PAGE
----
And another article in today's Globe and Mail reports, "Environment Minister Catherine McKenna acknowledged the effort that will be required from the Liberal government – and the country – to achieve the 2-degree target, let alone the lower figure Ottawa endorsed in Paris. 'We’ve spent a lot of time focusing on getting an ambitious agreement here in Paris and then we’re going to go home and figure out the plan', she said at the close of the summit. 'But what is very clear is that we are going to put a price on carbon, [and] that we know that we need to move to a low-carbon economy. And we’re going to figure out the tools to do that in conjunction with the provinces and territories and also the aboriginal leaders.'"
Here we see no indication that the expansion of the tar sands might be limited, nor any suggestion that there would be an impact on tar sands export pipelines like TransCanada's 1.1 million barrels per day Energy East pipeline and Kinder Morgan's 890,000 barrels per day Trans Mountain pipeline.
Surprisingly, that article adds, "On Sunday, Foreign Affairs Minister Stéphane Dion, in an interview with The Globe and Mail, suggested it is an open question as to whether Ottawa will seek a more ambitious target with the provinces [than than the one the Harper government set]. 'Ms. McKenna said it was the floor. So we’ll see if we may improve it', he said. 'But I would argue though that because of the inertia of the federal government over the last 10 years, the target we have tabled in Paris is not easy to meet, contrary to common wisdom. It is quite difficult, but doable.'"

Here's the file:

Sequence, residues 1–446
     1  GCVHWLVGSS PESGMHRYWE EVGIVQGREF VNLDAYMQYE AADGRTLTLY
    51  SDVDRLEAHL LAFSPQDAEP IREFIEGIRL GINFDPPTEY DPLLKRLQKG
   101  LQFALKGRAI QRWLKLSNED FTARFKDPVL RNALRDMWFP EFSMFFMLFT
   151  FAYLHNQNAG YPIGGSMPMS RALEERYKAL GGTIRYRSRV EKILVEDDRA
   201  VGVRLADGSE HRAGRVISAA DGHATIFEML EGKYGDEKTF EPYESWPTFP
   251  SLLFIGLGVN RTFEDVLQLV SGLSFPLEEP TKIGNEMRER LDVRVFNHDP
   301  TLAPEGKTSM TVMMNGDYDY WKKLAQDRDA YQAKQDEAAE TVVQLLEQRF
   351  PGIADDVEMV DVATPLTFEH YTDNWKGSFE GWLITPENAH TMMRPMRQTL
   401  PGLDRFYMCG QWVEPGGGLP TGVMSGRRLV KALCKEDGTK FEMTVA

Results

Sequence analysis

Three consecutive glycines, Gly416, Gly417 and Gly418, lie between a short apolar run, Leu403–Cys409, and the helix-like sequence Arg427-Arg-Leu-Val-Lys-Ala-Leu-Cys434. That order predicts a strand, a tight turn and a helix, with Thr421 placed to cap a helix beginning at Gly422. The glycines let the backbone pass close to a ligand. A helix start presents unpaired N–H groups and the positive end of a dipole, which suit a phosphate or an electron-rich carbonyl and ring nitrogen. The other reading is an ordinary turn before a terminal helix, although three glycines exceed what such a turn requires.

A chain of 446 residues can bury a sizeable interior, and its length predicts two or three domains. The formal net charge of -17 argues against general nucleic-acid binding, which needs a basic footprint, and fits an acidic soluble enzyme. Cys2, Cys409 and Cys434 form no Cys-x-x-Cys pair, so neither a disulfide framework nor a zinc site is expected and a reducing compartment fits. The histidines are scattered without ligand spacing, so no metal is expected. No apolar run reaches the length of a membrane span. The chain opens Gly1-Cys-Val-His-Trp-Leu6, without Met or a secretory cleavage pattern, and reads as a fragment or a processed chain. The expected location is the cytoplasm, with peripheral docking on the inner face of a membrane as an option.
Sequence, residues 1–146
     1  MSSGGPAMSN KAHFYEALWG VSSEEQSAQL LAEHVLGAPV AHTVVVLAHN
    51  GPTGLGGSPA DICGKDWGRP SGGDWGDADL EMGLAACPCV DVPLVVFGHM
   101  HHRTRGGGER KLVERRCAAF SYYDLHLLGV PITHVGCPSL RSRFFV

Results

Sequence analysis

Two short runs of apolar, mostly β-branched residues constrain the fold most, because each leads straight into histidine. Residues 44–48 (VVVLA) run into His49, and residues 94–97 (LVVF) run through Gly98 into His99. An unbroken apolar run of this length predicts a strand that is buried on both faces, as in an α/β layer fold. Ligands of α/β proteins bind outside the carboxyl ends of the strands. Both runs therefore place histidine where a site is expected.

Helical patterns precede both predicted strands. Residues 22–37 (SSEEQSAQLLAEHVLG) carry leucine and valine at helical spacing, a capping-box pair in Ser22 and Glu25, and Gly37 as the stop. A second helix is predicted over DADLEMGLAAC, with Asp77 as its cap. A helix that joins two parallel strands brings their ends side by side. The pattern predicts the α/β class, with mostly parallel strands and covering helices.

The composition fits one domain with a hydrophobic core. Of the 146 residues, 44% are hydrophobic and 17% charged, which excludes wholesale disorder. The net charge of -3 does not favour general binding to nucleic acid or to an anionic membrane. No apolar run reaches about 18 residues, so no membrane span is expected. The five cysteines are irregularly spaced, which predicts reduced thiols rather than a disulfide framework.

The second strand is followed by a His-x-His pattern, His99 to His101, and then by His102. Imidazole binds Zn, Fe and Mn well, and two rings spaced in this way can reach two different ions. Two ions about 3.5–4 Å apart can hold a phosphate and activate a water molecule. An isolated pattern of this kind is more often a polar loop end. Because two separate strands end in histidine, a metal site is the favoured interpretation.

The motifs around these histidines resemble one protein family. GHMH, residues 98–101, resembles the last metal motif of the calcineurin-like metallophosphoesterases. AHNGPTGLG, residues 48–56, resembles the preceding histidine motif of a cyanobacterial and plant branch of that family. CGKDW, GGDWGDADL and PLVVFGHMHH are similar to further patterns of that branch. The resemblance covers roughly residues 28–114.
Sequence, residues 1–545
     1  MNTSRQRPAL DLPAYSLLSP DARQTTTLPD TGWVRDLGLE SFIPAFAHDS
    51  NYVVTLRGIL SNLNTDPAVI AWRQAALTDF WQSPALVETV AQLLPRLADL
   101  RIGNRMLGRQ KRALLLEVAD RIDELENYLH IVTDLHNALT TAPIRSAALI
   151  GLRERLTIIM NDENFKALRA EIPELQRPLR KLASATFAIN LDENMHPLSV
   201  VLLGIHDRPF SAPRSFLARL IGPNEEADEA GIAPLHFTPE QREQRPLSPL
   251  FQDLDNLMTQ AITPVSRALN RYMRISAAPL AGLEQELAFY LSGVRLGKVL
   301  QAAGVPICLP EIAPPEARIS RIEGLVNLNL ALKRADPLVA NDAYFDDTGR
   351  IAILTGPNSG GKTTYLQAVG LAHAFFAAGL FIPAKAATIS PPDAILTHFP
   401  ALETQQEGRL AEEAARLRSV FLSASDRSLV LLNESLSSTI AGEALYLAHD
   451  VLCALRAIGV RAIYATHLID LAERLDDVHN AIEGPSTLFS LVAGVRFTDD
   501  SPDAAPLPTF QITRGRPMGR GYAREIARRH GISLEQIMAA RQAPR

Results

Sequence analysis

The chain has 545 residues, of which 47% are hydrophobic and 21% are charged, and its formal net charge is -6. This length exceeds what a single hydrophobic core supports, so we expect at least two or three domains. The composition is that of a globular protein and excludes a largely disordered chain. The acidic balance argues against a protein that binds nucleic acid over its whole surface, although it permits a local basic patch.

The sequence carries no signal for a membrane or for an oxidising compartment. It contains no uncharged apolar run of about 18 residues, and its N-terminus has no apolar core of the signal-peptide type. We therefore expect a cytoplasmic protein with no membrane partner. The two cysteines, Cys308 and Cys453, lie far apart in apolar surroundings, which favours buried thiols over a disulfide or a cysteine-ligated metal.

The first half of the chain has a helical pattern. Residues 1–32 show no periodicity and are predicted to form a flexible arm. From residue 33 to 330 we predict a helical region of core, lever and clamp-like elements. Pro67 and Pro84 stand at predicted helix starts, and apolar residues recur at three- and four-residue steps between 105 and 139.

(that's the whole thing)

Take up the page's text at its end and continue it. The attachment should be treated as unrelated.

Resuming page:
The Harper government had promised a 30 per cent reduction of carbon emissions below 2005 levels by 2030, which translates (when using the standard baseline of 1990) to 14 per cent below 1990 levels by 2030. In comparison, the European Union has pledged a 40 per cent reduction below 1990 levels by 2030.
The Trudeau government seems intent on keeping its election-time promise to meet with provincial governments at a summit within 90 days of the conclusion of the Paris talks. That should mean that the meeting will happen by March 12. While the presumption may be that this will produce a new ambitious plan, the Globe and Mail cautions, "So far, the provincial climate plans leave Canada falling well short of [even the low] international commitment made by the former Harper government. More action will be required to meet the Conservatives’ 2030 target, a goal that was widely criticized as one of the weakest among industrialized countries."
In terms of other upcoming dates, the Trudeau government is expected to render its decision on whether the Trans Mountain pipeline expansion (from 300,000 barrels a day to 890,000 barrels a day) can proceed by May 20, 2016. A decision on the Energy East pipeline could conceivably come by April 2017. This coming May 7-15, 2016, there will be a global mobilization to shut down the world’s most dangerous fossil fuel projects, including those in Canada. DeSmog Canada reports, "The Break Free From Fossil Fuels campaign will involve acts of civil disobedience including forming human chains to block oil exports, interfering with coal mine operations and marching on the corporate headquarters of fossil fuel companies."